Sen. Jeanne Shaheen Jeanne ShaheenOvernight Cybersecurity: Anticipation builds for Trump cyber order | House panel refers Clinton IT contractor for prosecution | Pentagon warned Flynn about foreign payments Dem senator fears Russian election interference could be ‘normalized’ Russian interference looms over European elections MORE (D-N.H.) is using former Sen. Scott Brown's (R-Mass.) words against him in her first radio ad of the cycle.
The New Hampshire Democrat is hammering her potential GOP opponent for his refusal to sign a pledge to keep super-PACs out of the race. The ad is the campaign’s latest attempt to knock Brown’s newfound opposition to the agreement known as the People’s Pledge, a contract he created in his race against Sen. Elizabeth Warren (D-Mass.) that prevented outside groups from airing attack ads on TV and radio.
“You’ve probably heard about the super-PACs that have been created to influence elections, usually with negative ads,” Brown says in the clip. “So, I did something about it in my own race. I proposed and signed a pledge to stop third-party groups from coming into our state.”
A narrator goes on to note that “now Scott Brown won’t sign his own pledge to stop them. Maybe it’s because Big Oil and Wall Street want to buy him a Senate seat.”
The ad implores listeners to tell Brown to sign the pledge.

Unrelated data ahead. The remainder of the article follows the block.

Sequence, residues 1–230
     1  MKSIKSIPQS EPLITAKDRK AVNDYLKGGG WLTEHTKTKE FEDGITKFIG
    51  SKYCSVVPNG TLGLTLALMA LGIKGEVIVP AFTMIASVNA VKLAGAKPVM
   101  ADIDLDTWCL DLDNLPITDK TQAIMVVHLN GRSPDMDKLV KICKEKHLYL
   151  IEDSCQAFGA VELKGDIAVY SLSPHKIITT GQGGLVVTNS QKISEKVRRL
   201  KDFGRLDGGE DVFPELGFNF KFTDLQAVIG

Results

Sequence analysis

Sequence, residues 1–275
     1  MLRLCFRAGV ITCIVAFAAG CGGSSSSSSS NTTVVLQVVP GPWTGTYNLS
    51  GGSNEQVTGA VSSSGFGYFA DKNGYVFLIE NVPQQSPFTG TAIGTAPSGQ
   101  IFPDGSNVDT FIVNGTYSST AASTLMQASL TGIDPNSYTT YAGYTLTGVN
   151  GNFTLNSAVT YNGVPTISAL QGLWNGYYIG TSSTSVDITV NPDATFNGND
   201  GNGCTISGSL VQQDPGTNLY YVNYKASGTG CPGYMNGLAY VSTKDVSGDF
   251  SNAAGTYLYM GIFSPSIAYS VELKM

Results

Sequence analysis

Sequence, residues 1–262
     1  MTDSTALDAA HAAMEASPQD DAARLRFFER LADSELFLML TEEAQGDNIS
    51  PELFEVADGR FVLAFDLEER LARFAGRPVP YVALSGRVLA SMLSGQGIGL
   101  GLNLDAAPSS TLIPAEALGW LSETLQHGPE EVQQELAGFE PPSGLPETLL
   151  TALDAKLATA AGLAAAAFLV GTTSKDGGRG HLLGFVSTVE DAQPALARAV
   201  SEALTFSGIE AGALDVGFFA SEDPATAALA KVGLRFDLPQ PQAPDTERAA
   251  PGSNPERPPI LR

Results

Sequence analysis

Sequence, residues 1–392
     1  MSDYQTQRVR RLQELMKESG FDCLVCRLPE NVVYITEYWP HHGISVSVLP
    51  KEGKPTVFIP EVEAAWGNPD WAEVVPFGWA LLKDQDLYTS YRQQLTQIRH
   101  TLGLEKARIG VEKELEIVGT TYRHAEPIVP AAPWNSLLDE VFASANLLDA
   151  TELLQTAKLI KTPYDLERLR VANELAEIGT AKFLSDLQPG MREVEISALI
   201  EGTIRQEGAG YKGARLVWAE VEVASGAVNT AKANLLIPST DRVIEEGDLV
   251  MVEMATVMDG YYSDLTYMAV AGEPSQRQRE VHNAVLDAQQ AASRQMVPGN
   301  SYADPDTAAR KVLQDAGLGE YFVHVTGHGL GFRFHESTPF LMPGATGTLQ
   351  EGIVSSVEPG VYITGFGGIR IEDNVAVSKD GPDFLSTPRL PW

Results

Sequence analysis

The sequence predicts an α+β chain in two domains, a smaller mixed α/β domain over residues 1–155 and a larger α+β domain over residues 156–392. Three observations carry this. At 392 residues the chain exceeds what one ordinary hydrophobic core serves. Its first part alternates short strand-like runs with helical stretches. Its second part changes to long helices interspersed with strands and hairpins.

“It was the right thing to do in Massachusetts, and it’s the right thing to do here. New Hampshire deserves a clean election, too,” it closes.
Shaheen's campaign is spending five figures to air the ad statewide.
In response, Brown charged that Shaheen's focus on the pledge shows how "out of touch" she is with New Hampshire.
"It's disappointing that Senator Shaheen's first ad of the campaign is a negative ad attacking me," Brown said in a statement.
"When I talk to the people of New Hampshire, they tell me they are concerned about health care, jobs, America's standing in the world and how we can control our debt. Those are the issues I am focused on. Senator Shaheen's negative ads are a sad commentary on just how out of touch she is with the things people care about."
Shaheen has already been the target of more than a $1.5 million in attack ads from GOP outside groups, nearly a third of that from Americans for Prosperity (AFP), which is backed by conservative billionaires Charles and David Koch. Their ads have largely focused on ObamaCare, and Democrats admit they will be outspent on air if AFP and other Republican groups keep up their current pace.
And the ObamaCare attacks — and efforts to tie her to President Obama — could take a toll on Shaheen in New Hampshire, where the law and the president both remain unpopular. The New Hampshire GOP launched a Web video on Monday to that effect, tying her to Obama and highlighting a clip where Shaheen demurred when asked whether she'd like him to campaign for her in the state.
Democrats believe if Brown signs the People’s Pledge, they’ll have a more level playing field with just the candidates airing TV and radio ads, though Brown is still expected to match, if not surpass, Shaheen’s fundraising for the race.
While Shaheen remains popular in New Hampshire, Republicans believe they have a shot at taking her down with Brown in the race and the national political climate working against Democrats.
— This piece was updated at 10:15 a.m. to reflect comment from Brown and the NHGOP.